An Incoherent Production of Lestat
Act one of Lestat reminds me of those old Universal horror films, as if we might see Bela Lugosi lurking in the wings. Ms. Woolverton introduces such major characters as Nicolas (Roderick Hill), Lestat's bosom buddy; the villainous Armand (Drew Sarich), who is the leader of an international clandestine society of vampires who usually meet in churchyards; and the elusive Marius (Michael Genet), described as King of the Vampires. Hugh Panaro plays Lestat as if he is playing Heathcliff in Wuthering Heights in these first act scenes. He sings well with his big, powerhouse voice but those four-chord melodies do not give him much range. Carolee Carmello, who is first the mother of Lestat and then after a bite on the neck by her son becomes Gabrielle, shines with a resonant voice in "Nothing Here," "Make Me as You Are," and "The Crimson Kiss". What a pity she disappears after the first act.
Set Designer Derek McLane and projection coordinator Howard Werner have designed some very special video effects, especially the battle of the wolves at the beginning of the musical. The psychedelic effects by the projections are excellent when Lestat is getting his kicks sucking blood from his victims. They are reminscent of those early Peter Fonda movies when he was high on hallucinatory drugs.
Lestat's second act is more concise, and the music and scenes blend well together. This part of Elton John's score has more of a rock beat that identifies with the composer. John's work here is superior to his score for Aida. Bernie Taupin's lyrics are not outstanding but they do unify the flow of the second act. This act could almost stand on its own merits if extended in length. The opening scene of Lestat in New Orleans in late 1791 is beautifully accomplished with "citizens" of the southern city arising from the center of the stage dressed like gothic marble statues of black and gray singing "Welcome to the New World," an inspiring song sung well by Panaro and the citizens.
Lestat is searching for companionship in this time of solitude and catches the eye of the desolate Louis de Pointe du Lac (Jim Stanek) in a bar. Lestat takes a passionate liking to the handsome young man, promising him eternal life; there is a strong element of homoeroticism in the way he bites the neck of Louis. We now have a real "lifetime companion situation." Thirteen-year-old Claudia (Allison Fischer) comes onto the scene and soon she becomes the youngest blood sucker in vampire history. She also has trouble keeping home instructors since she prefers the blood of the intelligentsia.
Thirty years pass and poor Claudia still looks like a thirteen-year-old child. She is unhappy with her appearance and wants to be a woman. Her song "I Want More" (meaning "more to life") could have been camp, but is deadly serious within the context of the scene. Allison Fischer sings her heart out with this song. Of course things turn out rather badly for this family as Claudia tries to do away with Lestat by burning him to death - but you can't kill our hero so easily.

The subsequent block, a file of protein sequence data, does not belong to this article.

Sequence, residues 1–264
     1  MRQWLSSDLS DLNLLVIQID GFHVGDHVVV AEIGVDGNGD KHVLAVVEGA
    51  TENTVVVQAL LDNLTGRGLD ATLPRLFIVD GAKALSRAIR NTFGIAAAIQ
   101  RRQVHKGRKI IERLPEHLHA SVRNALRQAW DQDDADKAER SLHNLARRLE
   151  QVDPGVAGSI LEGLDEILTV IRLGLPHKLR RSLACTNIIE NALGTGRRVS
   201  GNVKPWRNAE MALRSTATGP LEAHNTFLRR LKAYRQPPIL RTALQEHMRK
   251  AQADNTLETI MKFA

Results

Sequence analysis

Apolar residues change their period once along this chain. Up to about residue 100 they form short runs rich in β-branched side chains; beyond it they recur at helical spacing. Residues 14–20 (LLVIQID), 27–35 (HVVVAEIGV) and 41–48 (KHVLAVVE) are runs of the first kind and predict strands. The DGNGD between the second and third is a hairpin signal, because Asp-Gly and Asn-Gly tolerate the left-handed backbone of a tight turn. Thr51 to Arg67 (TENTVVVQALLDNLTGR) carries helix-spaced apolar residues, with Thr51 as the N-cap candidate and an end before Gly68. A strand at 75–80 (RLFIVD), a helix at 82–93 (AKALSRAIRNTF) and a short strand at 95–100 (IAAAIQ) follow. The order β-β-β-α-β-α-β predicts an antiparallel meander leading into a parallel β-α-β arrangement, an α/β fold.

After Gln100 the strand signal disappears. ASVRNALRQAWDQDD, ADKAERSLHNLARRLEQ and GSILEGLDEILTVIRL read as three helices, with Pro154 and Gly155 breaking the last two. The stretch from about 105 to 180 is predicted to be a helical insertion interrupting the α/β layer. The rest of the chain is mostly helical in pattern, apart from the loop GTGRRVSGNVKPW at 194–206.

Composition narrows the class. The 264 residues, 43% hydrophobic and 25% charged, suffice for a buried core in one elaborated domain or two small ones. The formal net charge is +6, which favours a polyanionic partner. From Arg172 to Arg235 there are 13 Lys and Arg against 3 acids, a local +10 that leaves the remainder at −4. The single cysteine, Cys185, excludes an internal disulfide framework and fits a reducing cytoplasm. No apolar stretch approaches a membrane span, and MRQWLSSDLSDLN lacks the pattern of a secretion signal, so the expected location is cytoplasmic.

Lestat returns to Paris to recuperate and we see a camp version of Dracula being played by our hero's vampire friends. Claudia has become a member of the cast, and the group finds out that this poor girl tried to kill Lestat, which is forbidden the laws of vampirism. What follows is a scene straight out of the end of Joan of Arc, with a cheap projection of flames enveloping her to ashes. The last scene probably will not make sense to those who do not know Anne Rice's novel "Queen of the Damned": Lestat is seen climbing up the steps slowly to Queen Akaska, Queen of the Damned and mother of all vampires, sitting on a phantasmagorical Egyptian throne looking like Queen Nefertiti. It looks like the old boy will live to see the 20th century.
Although the best songs in Lestat are sung by the women, Hugh Panaro gets a chance to show off his powerful vocal chops with "Sail Me Away." He gives his character some depth in the second act, even as he celebrates and enjoys his eternal existance with a gratuitous disrespect for life. Jim Stanek has a strong voice as the weak-willed Louis who despises this eternal life. Drew Sarich, who recently took over the role of Armand, is exceptional as a person with no heart or emotion. He has a clear, bell-tone voice in several of the numbers. Roderick Hill as Nicolas has very little to do in the first act but act like he is in coma after he receives his first bite from Lestat. Michael Genet has a commanding voice in his brief appearances as Marius.
Derek McLain's set design is excellent, using a lot of interesting moving projections that work well with the scenes. The apartment of Lestat, Louis and Claudia in the second act looks like a leftover scene from Aida as it is done in an Egyptian style. Most of the finely detailed props are wheeled in and out. The costumes by Susan Hilferty are intriguing, and lighting by Kenneth Posner is superb - they create the right atmosphere for many of the scenes. Robert Jess Roth's direction is in the first act is too jarring and confusing to make sense to those new to the story, while he gets things together to run a rather smooth second act.
Lestat has a good chance to be a moderately successful musical if the first act can be made coherent to the theatregoing audience. The show will be moving to the Palace Theatre in New York in the spring and undoubtedly the producers will make more changes before it opens to the New York.
Lestat plays at the Curran Theatre, Geary Street, San Francisco through January 29th. For tickets please call 415-551-2050 or visit www.shnsf.com. Best of Broadway's next production will be the old reliable Cats, set to open at the Orpheum on February 22nd, running through March 5th.